Rates of breast biopsy (removal of tissue for diagnostic evaluation) remained stable over a 12 year period even as mammogram use increased and new and less invasive biopsy techniques were introduced, according to a study in the July 25 issue of Archives of Internal Medicine, one of the JAMA/Archives journals.
Changes in the guidelines for breast cancer screening have resulted in increased use of mammography. However, some women screened by mammography may have a false positive result, requiring further tests, including biopsy, resulting in anxiety, inconveniences and trauma for the patient as well as increased costs, according to background information in the article. Further, the authors suggest, the advent of less invasive breast biopsy techniques might also contribute to an increase in the use of biopsy, but there is little information on the actual frequency of biopsy in the general community.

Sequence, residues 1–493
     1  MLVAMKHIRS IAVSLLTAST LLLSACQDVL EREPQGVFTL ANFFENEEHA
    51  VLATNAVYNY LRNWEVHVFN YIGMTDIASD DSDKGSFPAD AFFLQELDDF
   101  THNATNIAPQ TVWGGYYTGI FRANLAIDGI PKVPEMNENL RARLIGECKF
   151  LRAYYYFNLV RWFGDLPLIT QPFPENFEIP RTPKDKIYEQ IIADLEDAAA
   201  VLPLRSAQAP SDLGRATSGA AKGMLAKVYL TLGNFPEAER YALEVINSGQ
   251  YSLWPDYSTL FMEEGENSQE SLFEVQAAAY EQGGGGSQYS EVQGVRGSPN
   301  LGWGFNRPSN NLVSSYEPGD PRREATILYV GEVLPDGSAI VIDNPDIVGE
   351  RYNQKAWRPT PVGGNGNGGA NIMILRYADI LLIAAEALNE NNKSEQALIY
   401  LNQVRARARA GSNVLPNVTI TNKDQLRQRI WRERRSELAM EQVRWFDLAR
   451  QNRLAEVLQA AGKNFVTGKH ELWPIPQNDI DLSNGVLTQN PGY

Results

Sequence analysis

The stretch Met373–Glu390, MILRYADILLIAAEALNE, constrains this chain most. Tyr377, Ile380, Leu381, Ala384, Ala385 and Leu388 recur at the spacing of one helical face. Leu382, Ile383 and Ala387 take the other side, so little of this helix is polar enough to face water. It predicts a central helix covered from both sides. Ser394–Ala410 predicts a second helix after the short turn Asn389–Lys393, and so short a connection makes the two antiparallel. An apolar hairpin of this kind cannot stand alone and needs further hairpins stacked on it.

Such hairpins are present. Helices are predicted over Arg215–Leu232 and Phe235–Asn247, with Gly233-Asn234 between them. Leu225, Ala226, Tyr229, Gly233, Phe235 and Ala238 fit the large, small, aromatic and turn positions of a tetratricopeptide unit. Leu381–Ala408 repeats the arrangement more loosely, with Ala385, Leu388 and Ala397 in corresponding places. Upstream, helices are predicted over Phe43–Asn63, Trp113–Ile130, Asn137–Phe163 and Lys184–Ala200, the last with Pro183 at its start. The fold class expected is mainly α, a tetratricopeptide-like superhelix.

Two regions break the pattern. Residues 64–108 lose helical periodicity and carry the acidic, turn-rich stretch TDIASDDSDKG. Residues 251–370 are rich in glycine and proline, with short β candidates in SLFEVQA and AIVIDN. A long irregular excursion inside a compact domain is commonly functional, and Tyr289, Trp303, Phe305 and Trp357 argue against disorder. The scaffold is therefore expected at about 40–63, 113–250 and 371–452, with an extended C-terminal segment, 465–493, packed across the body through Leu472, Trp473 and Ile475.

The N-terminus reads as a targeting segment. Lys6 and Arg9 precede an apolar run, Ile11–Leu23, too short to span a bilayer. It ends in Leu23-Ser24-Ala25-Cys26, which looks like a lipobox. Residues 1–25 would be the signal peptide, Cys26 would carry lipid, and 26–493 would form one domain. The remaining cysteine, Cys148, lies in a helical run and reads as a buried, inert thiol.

Karthik Ghosh, M.D., M.S., of the Mayo Clinic, Rochester, Minn., and colleagues, reviewed the medical records of women 18 years and older from January 1, 1988 through December 31, 1999, using the resources of the Rochester Epidemiology Project which indexes all inpatient and outpatient medical care provided to residents of Olmsted County, Minn. The rate of utilization of biopsy was calculated as the number of biopsies performed (except when multiple biopsies were performed on the same breast at one time) compared with the number of women in Olmsted County.
Elizabeth Zimmermann | EurekAlert!
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